For most of the twentieth century, school was organized around an industrial model that operated on the assumption that information was at a premium, and those who mastered the most information were the most educated, and therefore the most successful. In the Information Age, however, much of the content in any school’s curriculum is available to everyone at the push of a button. Those who’ve memorized the most content for any particular test don’t stand out in today’s world; instead, what’s valued most are the skills associated with doing work that the World Wide Web still can’t do.
At Lipscomb Academy we’re committed to developing what we call the six C’s: character, critical thinking, communication, creativity, collaboration, and cosmopolitanism. These are the skills and values that the 21st century will demand and reward, and these are the skills that we seek to nurture in our students, K-12. Through our commitment to individual learning, relational learning, and learning for the greater good we seek to encourage students to build upon their natural curiosity, hone their inquisitiveness, and apply what they are learning to the world beyond themselves and our school. It’s essential that they learn how to think for themselves, how to convey a convincing argument on paper and in person, how to make something that comes from within rather than is imposed from without, how to work effectively with others, and how to connect with the wider world.
As a former math teacher, I’ve grappled with these challenges for years. I remember first-hand as a student how quickly I forgot what I’d just memorized for a test several days before. Charged with the responsibility of leading students through what I wanted to be a provocative and interesting journey of numbers and patterns, I worried as a young teacher that many students struggled to understand why a certain fact mattered. I came to understand that “because I said so” wasn’t a very good answer.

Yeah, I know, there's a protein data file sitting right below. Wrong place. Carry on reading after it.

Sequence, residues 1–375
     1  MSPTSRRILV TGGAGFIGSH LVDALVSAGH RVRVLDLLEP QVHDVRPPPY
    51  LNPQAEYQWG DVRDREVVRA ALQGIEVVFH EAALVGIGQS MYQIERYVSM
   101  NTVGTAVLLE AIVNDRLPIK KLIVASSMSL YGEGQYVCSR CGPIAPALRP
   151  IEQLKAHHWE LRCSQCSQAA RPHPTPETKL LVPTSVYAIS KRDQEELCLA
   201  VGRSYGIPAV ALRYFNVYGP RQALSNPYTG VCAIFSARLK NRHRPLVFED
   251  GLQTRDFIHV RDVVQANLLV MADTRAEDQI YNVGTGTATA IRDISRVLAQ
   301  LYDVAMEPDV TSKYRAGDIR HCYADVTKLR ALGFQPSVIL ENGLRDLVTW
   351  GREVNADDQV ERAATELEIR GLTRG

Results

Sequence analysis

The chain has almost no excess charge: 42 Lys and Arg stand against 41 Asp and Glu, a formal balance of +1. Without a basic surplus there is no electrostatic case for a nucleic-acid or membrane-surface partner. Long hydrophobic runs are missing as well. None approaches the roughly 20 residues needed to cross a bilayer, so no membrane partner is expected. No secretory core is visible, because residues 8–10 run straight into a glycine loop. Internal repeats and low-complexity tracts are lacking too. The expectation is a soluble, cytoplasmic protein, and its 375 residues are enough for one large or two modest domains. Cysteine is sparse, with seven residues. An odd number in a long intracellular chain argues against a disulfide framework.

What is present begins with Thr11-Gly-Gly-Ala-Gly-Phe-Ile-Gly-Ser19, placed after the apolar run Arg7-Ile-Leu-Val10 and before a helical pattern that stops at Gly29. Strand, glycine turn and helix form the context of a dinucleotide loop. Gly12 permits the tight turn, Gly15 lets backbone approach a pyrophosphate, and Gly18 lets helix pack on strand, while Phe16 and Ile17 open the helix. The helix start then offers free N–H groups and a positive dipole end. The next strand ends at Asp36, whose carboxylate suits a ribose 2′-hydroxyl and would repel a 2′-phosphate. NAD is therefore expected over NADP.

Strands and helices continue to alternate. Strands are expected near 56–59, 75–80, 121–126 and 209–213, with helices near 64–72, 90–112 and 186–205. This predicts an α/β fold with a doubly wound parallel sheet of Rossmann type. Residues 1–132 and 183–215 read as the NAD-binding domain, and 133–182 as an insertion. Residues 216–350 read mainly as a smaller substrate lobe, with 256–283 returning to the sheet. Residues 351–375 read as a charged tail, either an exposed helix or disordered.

My teaching and their learning became significantly better when instead of focusing on practice, I allowed students to explore and look for patterns. As a result, their understanding quotient went up considerably. It’s like starting at the roots of a tree and working up as opposed to trying to memorize something unique about the leaves. Not only is this a much more effective way to learn, it is more fun.
That is the premise of Lipscomb Academy’s Explorations Program. We want students to experience the world first-hand. This Spring students will have the opportunity to try new things; things that they may have never done before or are outside of the normal classroom routine. For instance, Niki Ganick will help students learn about the art of movement and Becky Collins will tap into a child’s naturalist side. I encourage you to check out our upcoming offerings from March 25-May 2.